Friday, October 26, 2007

Culture Is Crucial : answering Kanishk Tharoor

Replying to : The Danger of Culture Talk by Kanishk Tharoor at OpenDemocracy

Culture is Crucial

Belgium's national TV currently runs a series of explorations in the world of Islam entitled 'The Road to Mecca'. As it happens, the narrator starts his trip in Cordoba, not only because the south of Spain provides the closest bridgehead to the Maghreb countries, but also because El Andalus epitomizes islamic civilization at its best. Of course, starting from the heyday sets the rest of the narrative on a definitive track : all that follows, is measured as a degree of loss, insufficiency and lack. Tragically enough however, setting off on adventures from Mecca in the center, or the Taj Mahal in the east, would tie the narrator to a similar storyline of fading resonance, and degrading signal-to-noise ratios.

It is precisely this dried-up and shrunken quality of Islam today that defines the plight of muslims, both at home and in the diaspora. Europa has a great deal to thank Islam for, but since its peak in the 10th to 12th century, Islam has not produced any viable political project to date (Hizbullah may embody a valuable oppositional force, just as the Muslim Brotherhood does in Egypt, but as a majority platform it is too reductionist to encompass the complexities of a globalized age); Islam has not produced any science of merit since its medieval contributions to mathematics (the recent divertimento about the do's and don'ts of Islam in space is telling); and the most impressive art it has produced of late is a body of literature that comes from voices who have stepped outside their native islamic frames of reference (and who often paid a high price for it).

Both materialist and ideologic/idealist readings of the problem of radical islam today, commit the vital error of absolving Islam from its own embedded possibilities and responsabilities. Both readings thus hand the potential for change either back to 'the west' or the 'good muslim' - who by default exists as the inverted image of the 'bad muslim', both of which are again defined by their relations to a Western style Enlightenment. Abdelwahab Meddeb, in his incredibly erudite and stimulating book 'La Maladie de l'Islam' (Editions du Seuil, 2002) puts it bluntly : muslims need to enroll in a refreshment course of all the historic exceptions and infringements of the islamic tradition BY the islamic tradition. He provides ample examples of creative, pro-active and universalist, mystical even, reorderings of the central beliefs in Islam. For the record, Meddeb equally appeals to the West to come to terms with its denial and denigration of Islam. I agree. But I also believe that this coming to terms will not happen while the West paternalistically refrains from criticizing Islam, or expressing its own values. In that respect, the examples of the veil and the cartoon-crisis should not be lumped together in the same boxing glove to hit Islam with. The cartoon-crisis quite pointedly demonstrated that the political will of the West to protect free speech against collective silencing is feeble at best. The subsequent juggling act surrounding an anounced (but forbidden) 'protest against islamization' in Brussels on September 11th - widely commented upon in the international press - only serves to underscore the point. The veil is a different matter. The multiplicity of meanings embedded in the wearing of the veil warrants careful deliberation. The problem here is mainly that ad hoc cases have captured a lot of media attention so far, while a fundamental judicial debate and settlement is lacking.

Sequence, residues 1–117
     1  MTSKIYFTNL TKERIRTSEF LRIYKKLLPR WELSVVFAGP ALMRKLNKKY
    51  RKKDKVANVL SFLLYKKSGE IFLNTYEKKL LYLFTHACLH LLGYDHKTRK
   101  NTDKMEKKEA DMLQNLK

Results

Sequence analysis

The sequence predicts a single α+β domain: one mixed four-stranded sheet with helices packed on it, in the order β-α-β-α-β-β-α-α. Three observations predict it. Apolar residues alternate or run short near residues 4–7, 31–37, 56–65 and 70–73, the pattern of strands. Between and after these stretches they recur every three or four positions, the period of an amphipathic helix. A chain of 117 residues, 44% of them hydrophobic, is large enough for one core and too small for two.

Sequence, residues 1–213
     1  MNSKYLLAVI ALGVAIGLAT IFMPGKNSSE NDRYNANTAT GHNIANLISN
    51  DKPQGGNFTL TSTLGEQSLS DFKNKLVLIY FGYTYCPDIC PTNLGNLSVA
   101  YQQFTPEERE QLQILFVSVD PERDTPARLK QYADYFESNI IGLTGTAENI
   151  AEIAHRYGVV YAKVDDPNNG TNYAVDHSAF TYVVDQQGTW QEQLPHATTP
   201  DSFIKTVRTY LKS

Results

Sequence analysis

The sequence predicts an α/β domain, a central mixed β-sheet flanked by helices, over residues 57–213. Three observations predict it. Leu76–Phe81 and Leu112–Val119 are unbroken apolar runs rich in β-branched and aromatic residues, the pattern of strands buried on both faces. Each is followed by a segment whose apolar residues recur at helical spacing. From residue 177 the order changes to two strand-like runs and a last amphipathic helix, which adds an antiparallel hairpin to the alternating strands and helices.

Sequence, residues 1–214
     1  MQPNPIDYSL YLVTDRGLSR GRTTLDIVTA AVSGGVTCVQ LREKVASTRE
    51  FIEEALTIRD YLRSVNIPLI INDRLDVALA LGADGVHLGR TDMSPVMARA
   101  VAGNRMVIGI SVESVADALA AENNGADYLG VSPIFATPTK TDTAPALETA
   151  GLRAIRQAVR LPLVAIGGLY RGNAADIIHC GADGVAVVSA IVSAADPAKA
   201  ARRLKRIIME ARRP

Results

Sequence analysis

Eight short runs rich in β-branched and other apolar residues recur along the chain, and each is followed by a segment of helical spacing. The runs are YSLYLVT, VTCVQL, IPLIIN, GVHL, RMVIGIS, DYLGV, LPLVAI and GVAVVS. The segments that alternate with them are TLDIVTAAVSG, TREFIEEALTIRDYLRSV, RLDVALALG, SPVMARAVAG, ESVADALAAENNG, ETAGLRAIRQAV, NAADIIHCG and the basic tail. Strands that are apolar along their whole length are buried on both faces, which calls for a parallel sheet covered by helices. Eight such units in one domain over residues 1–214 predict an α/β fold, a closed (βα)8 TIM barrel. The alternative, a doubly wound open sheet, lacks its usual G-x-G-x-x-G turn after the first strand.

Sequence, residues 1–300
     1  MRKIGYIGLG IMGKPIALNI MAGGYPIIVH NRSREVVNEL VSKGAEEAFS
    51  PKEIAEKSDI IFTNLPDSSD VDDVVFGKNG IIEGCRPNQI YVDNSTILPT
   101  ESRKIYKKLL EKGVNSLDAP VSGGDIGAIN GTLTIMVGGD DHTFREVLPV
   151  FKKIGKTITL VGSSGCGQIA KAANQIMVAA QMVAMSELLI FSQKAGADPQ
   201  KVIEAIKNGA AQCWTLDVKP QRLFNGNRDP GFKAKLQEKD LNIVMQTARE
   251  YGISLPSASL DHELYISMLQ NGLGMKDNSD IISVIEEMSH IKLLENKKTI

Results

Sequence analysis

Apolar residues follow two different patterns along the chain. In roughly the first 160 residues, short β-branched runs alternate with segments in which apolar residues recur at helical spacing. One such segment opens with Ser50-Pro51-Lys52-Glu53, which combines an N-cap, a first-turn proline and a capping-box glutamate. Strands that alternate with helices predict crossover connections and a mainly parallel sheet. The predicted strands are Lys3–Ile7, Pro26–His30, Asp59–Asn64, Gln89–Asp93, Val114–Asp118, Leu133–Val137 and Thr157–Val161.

Apologists of Islam invariably invoke the variety of 'islams' that is being practiced worldwide. That may very well be, but this diversity exists largely behind thick curtains of conformity - at least when it comes to projecting its self-image to non-muslims. The crux of the matter is that Islam as practised by its multitude of followers worldwide, has developed only a very slim tolerance of criticism, if at all. Islam - it seems - does not know how to distinguish between ridicule, cynicism and legitimate criticism. Islam must develop its own radical critique, if it is to step out of the shadows of its own demons. To an important extent then, parasitic extremism must indeed be countered by and through the culture it feeds off.

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